February 25, 2014
Improving Cancer Diagnosis Rates With New Paper Test Strip
Lee Rannals for redOrbit.com - Your Universe Online
Engineers at the Massachusetts Institute of Technology (MIT) have developed a paper test that could improve cancer diagnosis rates.
Researchers developed a paper test that works much like a pregnancy test, helping to reveal whether a person has cancer within minutes. This test could not only improve diagnoses rates, but also could help get people treated earlier.
The new technology uses nanoparticles that interact with tumor proteins known as proteases. These proteins can trigger the release of hundreds of biomarkers that are easily detectable in a person’s urine. The team simply took advantage of these biomarkers by using a highly specialized instrument to do the analysis.
"For the developing world, we thought it would be exciting to adapt it instead to a paper test that could be performed on unprocessed samples in a rural setting, without the need for any specialized equipment,” MIT professor and Howard Hughes Medical Institute investigator Sangeeta Bhatia, said in a statement. “The simple readout could even be transmitted to a remote caregiver by a picture on a mobile phone."
In order to develop the test strips, the team had to coat nitrocellulose paper with antibodies that are able to capture the peptides. Once these peptides are captured, they flow along the strip and are exposed to several invisible test lines made of other antibodies specific to different tags attached to the peptides. If one of these lines becomes visible, it means the target peptide is present in the sample.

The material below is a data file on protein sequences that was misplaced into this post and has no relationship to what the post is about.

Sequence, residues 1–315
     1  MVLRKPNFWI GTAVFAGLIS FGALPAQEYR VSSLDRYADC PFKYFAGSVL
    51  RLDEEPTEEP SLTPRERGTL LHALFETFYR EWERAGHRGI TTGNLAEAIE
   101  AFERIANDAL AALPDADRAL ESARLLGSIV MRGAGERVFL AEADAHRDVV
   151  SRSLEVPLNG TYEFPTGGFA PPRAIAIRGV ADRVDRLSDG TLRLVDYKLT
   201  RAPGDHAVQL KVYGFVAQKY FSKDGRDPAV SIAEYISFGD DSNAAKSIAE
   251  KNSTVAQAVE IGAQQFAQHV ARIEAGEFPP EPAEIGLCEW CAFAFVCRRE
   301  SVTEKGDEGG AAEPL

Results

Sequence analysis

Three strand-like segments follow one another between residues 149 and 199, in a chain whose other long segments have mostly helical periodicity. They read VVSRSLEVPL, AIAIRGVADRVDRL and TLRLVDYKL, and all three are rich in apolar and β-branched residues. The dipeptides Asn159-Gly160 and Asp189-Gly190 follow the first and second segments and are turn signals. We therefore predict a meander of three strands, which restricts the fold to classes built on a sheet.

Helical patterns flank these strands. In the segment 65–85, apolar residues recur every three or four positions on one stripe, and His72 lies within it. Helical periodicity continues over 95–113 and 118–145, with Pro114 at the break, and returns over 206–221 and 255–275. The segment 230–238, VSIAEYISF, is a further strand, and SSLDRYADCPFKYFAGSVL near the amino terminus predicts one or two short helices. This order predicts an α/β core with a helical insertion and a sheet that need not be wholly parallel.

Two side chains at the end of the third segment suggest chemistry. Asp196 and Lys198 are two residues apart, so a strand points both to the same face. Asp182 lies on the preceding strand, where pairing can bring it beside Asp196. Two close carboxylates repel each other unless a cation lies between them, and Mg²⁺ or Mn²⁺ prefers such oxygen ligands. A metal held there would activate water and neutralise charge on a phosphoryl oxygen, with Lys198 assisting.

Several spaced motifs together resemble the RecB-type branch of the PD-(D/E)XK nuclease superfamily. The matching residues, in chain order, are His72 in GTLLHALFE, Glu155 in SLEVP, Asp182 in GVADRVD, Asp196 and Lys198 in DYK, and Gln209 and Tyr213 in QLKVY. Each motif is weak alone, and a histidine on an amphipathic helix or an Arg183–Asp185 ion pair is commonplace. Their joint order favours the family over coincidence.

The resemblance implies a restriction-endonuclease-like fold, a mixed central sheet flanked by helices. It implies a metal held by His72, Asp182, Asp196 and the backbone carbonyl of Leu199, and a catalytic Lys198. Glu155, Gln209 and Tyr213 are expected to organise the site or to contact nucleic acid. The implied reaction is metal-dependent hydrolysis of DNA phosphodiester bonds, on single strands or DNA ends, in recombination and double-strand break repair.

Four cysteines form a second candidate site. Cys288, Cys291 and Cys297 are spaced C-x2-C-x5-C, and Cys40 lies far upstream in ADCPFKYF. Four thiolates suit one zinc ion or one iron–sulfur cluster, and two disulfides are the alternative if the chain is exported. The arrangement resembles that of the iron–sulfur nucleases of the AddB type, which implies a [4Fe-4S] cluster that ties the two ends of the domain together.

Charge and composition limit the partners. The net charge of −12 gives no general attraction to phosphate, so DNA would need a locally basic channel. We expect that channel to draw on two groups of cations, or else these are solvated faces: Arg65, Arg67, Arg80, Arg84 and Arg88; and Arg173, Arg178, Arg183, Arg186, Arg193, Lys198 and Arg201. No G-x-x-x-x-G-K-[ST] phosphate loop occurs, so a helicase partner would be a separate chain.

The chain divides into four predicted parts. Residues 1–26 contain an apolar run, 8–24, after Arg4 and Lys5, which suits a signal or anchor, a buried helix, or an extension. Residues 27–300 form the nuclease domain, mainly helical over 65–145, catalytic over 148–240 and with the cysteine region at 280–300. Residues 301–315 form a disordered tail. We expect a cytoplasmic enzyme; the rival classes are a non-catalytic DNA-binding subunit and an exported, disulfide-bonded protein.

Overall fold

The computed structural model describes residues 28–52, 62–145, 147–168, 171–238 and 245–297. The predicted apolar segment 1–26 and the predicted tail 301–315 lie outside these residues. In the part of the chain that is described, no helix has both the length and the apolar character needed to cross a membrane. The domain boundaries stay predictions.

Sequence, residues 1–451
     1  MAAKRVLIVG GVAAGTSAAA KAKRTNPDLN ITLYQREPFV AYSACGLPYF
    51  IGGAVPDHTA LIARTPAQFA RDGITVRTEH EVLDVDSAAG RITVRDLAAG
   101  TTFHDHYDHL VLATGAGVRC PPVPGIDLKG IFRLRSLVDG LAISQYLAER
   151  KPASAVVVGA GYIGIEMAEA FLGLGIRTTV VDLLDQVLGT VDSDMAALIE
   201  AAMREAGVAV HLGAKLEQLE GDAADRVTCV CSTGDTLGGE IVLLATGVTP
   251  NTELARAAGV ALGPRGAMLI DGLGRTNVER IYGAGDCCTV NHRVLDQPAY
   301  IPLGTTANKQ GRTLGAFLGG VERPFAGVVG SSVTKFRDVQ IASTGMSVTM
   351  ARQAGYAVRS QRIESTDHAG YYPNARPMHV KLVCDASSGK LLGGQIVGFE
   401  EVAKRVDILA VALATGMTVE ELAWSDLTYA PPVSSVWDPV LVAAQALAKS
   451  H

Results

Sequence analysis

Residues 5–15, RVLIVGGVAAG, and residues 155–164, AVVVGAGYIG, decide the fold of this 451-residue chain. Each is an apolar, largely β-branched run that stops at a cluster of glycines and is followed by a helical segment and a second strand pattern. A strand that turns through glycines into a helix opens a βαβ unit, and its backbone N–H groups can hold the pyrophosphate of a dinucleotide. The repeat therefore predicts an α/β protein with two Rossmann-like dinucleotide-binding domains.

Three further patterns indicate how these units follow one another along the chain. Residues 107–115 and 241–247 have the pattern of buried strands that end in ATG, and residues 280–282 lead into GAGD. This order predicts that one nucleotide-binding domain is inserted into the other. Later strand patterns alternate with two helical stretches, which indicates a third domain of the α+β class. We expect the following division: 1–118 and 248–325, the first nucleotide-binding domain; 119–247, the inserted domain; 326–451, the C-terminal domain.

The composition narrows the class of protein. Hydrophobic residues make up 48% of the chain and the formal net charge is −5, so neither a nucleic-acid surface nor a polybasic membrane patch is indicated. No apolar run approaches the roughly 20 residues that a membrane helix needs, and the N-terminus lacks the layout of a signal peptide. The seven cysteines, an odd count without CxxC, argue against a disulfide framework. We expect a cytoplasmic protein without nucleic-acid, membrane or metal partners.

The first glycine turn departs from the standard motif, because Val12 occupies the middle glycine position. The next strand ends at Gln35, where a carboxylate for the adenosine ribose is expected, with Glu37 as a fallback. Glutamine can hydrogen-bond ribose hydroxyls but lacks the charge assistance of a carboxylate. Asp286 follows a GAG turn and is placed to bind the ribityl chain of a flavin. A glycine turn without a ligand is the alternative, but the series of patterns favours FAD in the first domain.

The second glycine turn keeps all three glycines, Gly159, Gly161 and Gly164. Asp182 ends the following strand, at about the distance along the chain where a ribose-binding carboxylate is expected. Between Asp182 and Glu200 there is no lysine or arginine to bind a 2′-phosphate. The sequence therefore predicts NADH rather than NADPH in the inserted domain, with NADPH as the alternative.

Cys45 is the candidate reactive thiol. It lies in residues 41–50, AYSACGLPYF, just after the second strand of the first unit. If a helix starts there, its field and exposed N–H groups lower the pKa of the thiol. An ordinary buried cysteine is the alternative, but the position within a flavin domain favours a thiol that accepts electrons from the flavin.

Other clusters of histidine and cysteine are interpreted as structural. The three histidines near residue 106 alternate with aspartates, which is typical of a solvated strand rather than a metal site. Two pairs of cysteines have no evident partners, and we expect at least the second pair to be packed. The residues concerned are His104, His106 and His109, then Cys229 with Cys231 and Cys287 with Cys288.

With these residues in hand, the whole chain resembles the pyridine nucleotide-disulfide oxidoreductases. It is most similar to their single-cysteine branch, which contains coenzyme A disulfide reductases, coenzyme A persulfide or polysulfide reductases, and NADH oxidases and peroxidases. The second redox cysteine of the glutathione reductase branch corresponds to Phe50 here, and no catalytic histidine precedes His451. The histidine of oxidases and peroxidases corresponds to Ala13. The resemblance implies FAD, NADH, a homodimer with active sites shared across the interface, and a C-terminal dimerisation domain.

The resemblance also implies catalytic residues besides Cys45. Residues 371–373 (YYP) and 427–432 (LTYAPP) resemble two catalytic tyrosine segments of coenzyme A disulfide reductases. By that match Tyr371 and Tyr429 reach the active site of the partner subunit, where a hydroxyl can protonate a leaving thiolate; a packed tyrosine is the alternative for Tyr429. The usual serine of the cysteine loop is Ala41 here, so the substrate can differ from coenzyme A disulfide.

Researchers were able to use the new technology to accurately identify colon tumors in mice. This test represents the first step towards a new type of diagnostic device that could one day be used in humans in developing nations.
"This is a new idea — to create an excreted biomarker instead of relying on what the body gives you," says Bhatia, senior author of a paper published in the Proceedings of the National Academy of Sciences. "To prove this approach is really going to be a useful diagnostic, the next step is to test it in patient populations."
She said the device will first be applied to high-risk populations, such as people who have had cancer previously, but eventually it would be used for early detection. Developed nations may also be able to use the device as a simple and inexpensive way to diagnose cancer.
"I think it would be great to bring it back to this setting, where point-of-care, image-free cancer detection, whether it's in your home or in a pharmacy clinic, could really be transformative," Bhatia said in a statement.